Babywearing, or carrying babies, is part of human evolution. It transcend history, geography, society and culture. Baby’s are hard wired for social interaction and they crave connections in order to learn and grow. The first few months of life are all about gently transitioning from the peace and stability of the womb towards the actions of the new world. While in the mean time learning to feel safe and gain trust in the world around them, a world the baby will eventually need to face independently.
Close contact and responsive nurturing does not lead to the clinginess and neediness our society has come to fear. Quite the opposite, a secure attachment will support emotional intelligence, motor and neurological development allowing your child to thrive.
1. Babywearing promotes bonding and attachment
Research on bonding and attachment show that attachment “is not dependant on the provision of food but on the provision of soft touch and emotional comfort” (Harlow 1950).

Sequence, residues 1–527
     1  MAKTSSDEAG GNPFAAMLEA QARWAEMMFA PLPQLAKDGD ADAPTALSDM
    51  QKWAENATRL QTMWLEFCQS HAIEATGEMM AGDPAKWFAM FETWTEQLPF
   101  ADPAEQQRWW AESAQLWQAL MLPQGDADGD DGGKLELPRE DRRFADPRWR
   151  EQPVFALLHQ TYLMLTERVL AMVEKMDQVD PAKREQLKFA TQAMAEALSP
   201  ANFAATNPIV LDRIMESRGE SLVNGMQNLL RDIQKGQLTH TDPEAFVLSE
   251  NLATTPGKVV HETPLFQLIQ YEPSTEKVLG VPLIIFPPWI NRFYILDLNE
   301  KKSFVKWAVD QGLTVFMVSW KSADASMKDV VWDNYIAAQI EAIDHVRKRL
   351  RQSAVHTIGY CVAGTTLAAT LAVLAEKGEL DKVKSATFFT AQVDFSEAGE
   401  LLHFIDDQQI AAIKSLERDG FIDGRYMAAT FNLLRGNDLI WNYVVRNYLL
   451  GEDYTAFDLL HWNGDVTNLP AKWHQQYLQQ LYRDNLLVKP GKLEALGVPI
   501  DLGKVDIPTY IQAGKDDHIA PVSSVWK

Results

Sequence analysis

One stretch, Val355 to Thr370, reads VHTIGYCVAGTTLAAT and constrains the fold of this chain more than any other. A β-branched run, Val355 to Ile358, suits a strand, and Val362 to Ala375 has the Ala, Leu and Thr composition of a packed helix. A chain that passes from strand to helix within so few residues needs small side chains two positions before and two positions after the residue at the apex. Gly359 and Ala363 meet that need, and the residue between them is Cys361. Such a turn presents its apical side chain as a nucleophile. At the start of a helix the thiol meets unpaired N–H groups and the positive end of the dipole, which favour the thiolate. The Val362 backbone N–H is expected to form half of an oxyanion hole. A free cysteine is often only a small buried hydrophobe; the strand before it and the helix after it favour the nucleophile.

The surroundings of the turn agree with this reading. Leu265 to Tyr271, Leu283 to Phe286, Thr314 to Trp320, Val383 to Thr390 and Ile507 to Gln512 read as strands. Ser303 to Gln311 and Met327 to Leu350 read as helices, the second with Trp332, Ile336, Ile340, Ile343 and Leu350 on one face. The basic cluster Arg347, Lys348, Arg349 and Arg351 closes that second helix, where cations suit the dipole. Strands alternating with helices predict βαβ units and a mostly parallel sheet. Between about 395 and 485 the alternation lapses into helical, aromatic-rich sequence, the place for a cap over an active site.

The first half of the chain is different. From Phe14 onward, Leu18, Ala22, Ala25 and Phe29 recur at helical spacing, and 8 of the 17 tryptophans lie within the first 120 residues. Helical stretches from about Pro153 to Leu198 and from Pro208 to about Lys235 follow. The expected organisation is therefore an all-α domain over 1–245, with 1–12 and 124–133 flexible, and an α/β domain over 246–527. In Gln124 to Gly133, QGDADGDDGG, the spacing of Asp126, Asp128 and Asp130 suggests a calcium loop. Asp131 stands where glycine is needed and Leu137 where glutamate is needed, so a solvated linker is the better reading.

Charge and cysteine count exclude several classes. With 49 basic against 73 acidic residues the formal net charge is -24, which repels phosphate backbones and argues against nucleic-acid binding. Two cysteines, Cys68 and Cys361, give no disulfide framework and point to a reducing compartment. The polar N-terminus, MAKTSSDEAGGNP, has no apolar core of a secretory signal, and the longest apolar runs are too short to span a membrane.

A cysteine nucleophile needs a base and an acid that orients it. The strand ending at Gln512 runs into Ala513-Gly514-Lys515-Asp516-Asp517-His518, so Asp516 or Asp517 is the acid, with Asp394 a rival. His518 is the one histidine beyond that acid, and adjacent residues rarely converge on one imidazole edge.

Parents who carry their babies frequently are able to provide prolonged periods of close contact, and because of this they are often more aware of their child’s subtle cues. This allow the parent to respont more quickly to the child’s needs which in turns builds trust and confidence in both the child, that feels there is an answer to her/ his needs and the parent that feels more confident in her/ his abilities to care for the child.
Babywearing can be particularly helpful in promoting bonding and attachment in special circumstances such as when the baby was in NICU after the birth, or when for any reason there has been separation after the birth. It can help both the parent and the child to feel a strong connection and a sense of belonging.
2. Babywearing may reduce postnatal depression
Many sources quote that one in ten women suffer from postnatal depression but last year (2014) it was reported by the Royal College of Midwives (RCM) that nearly 60% of mothers felt down or depressed after giving birth.
Anti-stress effects of oxytocin are particularly strong in response to a low intensity stimulation of the skin which the baby provides to their mothers by simply resting against them. A sling provides a longer period of time where this is possible.
Also experienceing the baby relaxing and being calmer while carried in a sling can give a tired and worried parent another skill in their parenting toolbox when they feel helpless. This can help rebuild their confidence